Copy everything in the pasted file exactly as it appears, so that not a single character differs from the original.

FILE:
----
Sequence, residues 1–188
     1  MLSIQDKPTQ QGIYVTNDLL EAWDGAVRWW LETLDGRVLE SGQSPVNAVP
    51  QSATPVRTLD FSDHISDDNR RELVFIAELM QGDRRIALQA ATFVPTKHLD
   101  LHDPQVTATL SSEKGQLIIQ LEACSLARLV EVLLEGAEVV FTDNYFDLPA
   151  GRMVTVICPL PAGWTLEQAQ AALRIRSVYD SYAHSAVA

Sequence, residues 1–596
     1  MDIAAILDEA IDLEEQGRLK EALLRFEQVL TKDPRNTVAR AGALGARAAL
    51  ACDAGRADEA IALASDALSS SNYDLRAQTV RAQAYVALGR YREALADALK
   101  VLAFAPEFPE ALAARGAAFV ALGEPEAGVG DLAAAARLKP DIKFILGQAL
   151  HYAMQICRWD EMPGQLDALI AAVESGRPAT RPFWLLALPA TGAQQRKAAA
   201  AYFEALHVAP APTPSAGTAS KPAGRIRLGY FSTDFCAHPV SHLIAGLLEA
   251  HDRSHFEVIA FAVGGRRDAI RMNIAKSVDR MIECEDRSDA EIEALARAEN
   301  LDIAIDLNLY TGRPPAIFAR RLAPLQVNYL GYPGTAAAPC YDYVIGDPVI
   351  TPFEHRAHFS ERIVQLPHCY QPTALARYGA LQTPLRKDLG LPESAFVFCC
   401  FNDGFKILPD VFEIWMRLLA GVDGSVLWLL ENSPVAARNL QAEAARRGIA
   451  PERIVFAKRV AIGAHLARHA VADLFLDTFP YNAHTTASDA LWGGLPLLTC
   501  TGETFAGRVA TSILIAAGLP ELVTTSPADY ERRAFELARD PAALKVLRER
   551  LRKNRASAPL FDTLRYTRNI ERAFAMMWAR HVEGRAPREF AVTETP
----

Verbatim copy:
Sequence, residues 1–188
     1  MLSIQDKPTQ QGIYVTNDLL EAWDGAVRWW LETLDGRVLE SGQSPVNAVP
    51  QSATPVRTLD FSDHISDDNR RELVFIAELM QGDRRIALQA ATFVPTKHLD
   101  LHDPQVTATL SSEKGQLIIQ LEACSLARLV EVLLEGAEVV FTDNYFDLPA
   151  GRMVTVICPL PAGWTLEQAQ AALRIRSVYD SYAHSAVA

Sequence, residues 1–596
     1  MDIAAILDEA IDLEEQGRLK EALLRFEQVL TKDPRNTVAR AGALGARAAL
    51  ACDAGRADEA IALASDALSS SNYDLRAQTV RAQAYVALGR YREALADALK
   101  VLAFAPEFPE ALAARGAAFV ALGEPEAGVG DLAAAARLKP DIKFILGQAL
   151  HYAMQICRWD EMPGQLDALI AAVESGRPAT RPFWLLALPA TGAQQRKAAA
   201  AYFEALHVAP APTPSAGTAS KPAGRIRLGY FSTDFCAHPV SHLIAGLLEA
   251  HDRSHFEVIA FAVGGRRDAI RMNIAKSVDR MIECEDRSDA EIEALARAEN
   301  LDIAIDLNLY TGRPPAIFAR RLAPLQVNYL GYPGTAAAPC YDYVIGDPVI
   351  TPFEHRAHFS ERIVQLPHCY QPTALARYGA LQTPLRKDLG LPESAFVFCC
   401  FNDGFKILPD VFEIWMRLLA GVDGSVLWLL ENSPVAARNL QAEAARRGIA
   451  PERIVFAKRV AIGAHLARHA VADLFLDTFP YNAHTTASDA LWGGLPLLTC
   501  TGETFAGRVA TSILIAAGLP ELVTTSPADY ERRAFELARD PAALKVLRER
   551  LRKNRASAPL FDTLRYTRNI ERAFAMMWAR HVEGRAPREF AVTETP